Tips For Keeping Caregivers, Household Employees, Personal Care Assistants

Over the last 30 years I have employed so many PCA's that I can't even begin to remember them all. My skills as a manager and employer have improved so I generally retained personal care assistants much longer now than in the beginning. The longest anyone has worked for me has been 17 years. Currently, I have four ladies. Two are full-time and two are part-time. Their range of employment with me runs from two years to 15 years.

I try to adhere to the following tips as much as possible.

1. Respect them as people and skilled individuals.

Most of the people who work for you as a personal care assistant (PCA) will have some experience. Respect that experience and listen to what they have to say. A PCA can let you know about areas on your body that you may not be able to see or evaluate for damage.

If they are working for a parent but under your supervision then chances are they will be observing your parent more closely and over a longer period than you. Unless you have reason to distrust their opinion, believe them when they tell you there is a problem.. A caregiver can spot physical and cognitive dysfunction quickly because they see your parent everyday.

Many people who work in this field have a limited education. Do not make the mistake of thinking that means limited intelligence or life experience. There are an infinite number of reasons why someone doesn't possess a formal education. Sometimes it's family circumstances, a cognitive problem like dyslexia that makes classroom work difficult, or it could be the individual likes working with their hands and finds satisfaction as a caregiver.

2. Maintain Regular Hours

If you have told a PCA that they are working from 8 AM to 3 PM then stick to that. Everyone will have the occasional emergency, but outside of that don't let the hours you expect them to work start sliding. Last-minute telephone calls telling the PCA that they will be working two hours overtime is inconsiderate and disrespectful. Their time is just as important to them and their family as yours is to you.

If you promise someone a 40 hour a week job then give them 40 hours. If you need to make changes, talk about it as early as possible. Some folks must work a certain number of hours to pay their bills. It's unfair to guarantee someone a certain amount of pay and then renege.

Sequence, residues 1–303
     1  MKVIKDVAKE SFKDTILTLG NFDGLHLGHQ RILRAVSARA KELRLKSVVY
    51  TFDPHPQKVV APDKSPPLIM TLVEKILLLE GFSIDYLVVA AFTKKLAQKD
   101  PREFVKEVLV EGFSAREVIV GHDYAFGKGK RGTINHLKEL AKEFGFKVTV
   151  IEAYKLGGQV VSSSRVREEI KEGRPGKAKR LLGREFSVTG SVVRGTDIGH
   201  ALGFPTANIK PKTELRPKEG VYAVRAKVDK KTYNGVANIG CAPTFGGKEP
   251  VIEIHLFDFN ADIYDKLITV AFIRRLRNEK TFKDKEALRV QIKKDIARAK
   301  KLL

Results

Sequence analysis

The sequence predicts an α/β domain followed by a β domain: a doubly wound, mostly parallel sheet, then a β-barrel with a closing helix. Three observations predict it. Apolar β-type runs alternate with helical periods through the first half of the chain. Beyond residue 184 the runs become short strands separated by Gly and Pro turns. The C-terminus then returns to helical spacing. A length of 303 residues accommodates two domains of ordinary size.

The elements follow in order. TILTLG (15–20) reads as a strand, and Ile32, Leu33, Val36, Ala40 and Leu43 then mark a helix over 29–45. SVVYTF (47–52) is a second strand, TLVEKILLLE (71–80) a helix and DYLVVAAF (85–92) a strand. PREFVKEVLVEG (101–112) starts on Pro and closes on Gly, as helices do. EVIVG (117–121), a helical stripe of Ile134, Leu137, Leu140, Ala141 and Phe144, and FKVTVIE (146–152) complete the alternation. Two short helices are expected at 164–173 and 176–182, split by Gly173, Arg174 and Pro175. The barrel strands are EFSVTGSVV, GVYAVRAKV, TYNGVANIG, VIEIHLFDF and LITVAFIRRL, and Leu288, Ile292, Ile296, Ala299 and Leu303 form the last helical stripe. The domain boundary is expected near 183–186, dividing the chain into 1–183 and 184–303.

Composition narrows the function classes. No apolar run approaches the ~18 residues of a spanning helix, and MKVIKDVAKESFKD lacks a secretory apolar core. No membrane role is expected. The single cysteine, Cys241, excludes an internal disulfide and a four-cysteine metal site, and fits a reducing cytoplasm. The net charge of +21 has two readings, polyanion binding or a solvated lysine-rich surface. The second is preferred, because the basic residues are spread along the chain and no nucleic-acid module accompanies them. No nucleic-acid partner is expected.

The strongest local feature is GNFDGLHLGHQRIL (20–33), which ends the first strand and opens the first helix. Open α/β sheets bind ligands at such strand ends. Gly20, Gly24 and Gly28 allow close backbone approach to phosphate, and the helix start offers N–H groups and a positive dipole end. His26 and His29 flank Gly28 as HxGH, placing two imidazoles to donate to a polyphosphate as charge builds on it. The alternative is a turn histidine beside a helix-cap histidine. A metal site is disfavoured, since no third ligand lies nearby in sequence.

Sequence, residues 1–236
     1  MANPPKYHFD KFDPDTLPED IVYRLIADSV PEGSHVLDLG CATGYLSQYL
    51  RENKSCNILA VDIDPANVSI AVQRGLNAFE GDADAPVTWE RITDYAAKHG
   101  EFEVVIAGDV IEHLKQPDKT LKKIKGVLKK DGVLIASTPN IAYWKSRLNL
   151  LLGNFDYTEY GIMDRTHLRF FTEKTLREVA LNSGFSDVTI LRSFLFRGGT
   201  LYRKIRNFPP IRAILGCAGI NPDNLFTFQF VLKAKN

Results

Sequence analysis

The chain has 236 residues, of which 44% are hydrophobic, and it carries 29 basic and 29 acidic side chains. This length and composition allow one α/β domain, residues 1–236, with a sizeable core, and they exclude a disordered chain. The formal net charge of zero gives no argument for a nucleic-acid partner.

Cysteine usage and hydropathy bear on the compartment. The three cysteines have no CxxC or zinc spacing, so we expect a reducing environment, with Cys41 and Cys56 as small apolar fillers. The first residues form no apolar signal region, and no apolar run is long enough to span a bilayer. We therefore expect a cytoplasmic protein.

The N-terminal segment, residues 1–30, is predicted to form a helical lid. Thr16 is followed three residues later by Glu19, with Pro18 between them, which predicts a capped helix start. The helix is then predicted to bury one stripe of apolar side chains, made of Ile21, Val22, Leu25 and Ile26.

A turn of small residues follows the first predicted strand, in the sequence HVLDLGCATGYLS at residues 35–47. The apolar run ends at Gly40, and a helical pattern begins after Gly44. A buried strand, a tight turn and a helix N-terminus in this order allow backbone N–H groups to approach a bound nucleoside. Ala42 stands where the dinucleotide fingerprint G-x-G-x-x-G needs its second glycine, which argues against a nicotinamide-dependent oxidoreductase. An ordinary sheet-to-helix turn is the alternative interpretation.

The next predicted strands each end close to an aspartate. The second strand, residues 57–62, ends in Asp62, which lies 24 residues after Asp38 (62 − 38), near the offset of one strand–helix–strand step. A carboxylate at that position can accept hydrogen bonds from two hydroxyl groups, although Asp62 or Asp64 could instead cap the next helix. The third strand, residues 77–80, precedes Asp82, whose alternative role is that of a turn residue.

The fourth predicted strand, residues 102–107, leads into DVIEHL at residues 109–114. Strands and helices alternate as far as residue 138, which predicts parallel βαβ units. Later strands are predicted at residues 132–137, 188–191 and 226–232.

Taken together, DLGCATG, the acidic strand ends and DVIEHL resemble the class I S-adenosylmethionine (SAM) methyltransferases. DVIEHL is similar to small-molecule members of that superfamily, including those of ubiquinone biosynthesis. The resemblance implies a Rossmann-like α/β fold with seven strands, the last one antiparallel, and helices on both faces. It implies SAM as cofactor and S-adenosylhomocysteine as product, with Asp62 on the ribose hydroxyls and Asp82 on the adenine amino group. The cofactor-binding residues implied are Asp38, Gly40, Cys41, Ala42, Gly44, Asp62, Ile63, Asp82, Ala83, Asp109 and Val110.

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3. Pay on Time

Set up a method for keeping track of hours and honor it. Pay people for their work and on time. Many folks live paycheck to paycheck. Forgetting to pay someone or just not bothering can cause them to make late payments to their creditors.

If you think that a PCA is being dishonest about hours then deal with it immediately and openly. You may choose to give one PCA a raise but not another. Be clear about why.

One of the quickest ways to lose someone is to have them think that you are cheating them. However, don't cave to someone who is trying to cheat you. Fire them and hire someone else.

4. Be Clear about Your Expectations and Feedback

You must let the PCA know exactly what you want them to do and when. This will be part of working out your relationship. Some people stick to a schedule of particular tasks on specific days.

Making a list is useful. At the end of the day or week you can go over the list with the caregiver to see what got done and what didn't. Discuss the reasons for both.

5. Be Flexible

I have several ladies working for me so if someone needs time off because of illness or appointments then we can generally work out a schedule with another of my PCAs covering for the first.

Don't make someone stay until exactly quitting time if they're not needed. Let the PCA go 10 minutes early without docking time. At my house, we only make changes to times in and out if it goes over 15 minutes. The understanding is that there will be times when I will need the favor returned. The PCA may need to stay an extra 10 minutes. I will expect it to be done with grace and a positive attitude.

6. Being Boss Is Not Being God

Your PCA is your employee and not your slave. Speak and behave with decency and respect. Everyone flies off the handle from time to time. Apologize when necessary. Tolerate a reasonable amount of bad days on the PCA's part. It's probably not going to be necessary to micromanage every minute of the PCA's day. Back off and allow them to do their job. If there's a problem then discuss it. If you want something done in a precise way then be clear about that.

Eventually, everyone gets on everyone's nerves. Try to remember that just as much as your PCA is aggravating you, you are probably aggravating them. Think of your own and teachers.

By way of full disclosure, I must say that the above point is a source of constant work and character development for me. I like to be right all the time. Consequently, I am always working on ways to recognize when I am not and behave respectfully to those deserving apologies.

Finally, let me say that as much as things are working out now between me and my PCAs, there have been times when I have gone through five or six of them in a two-month period. Sometimes it just doesn't work out.

Develop a backup plan and then cut your losses and start over.

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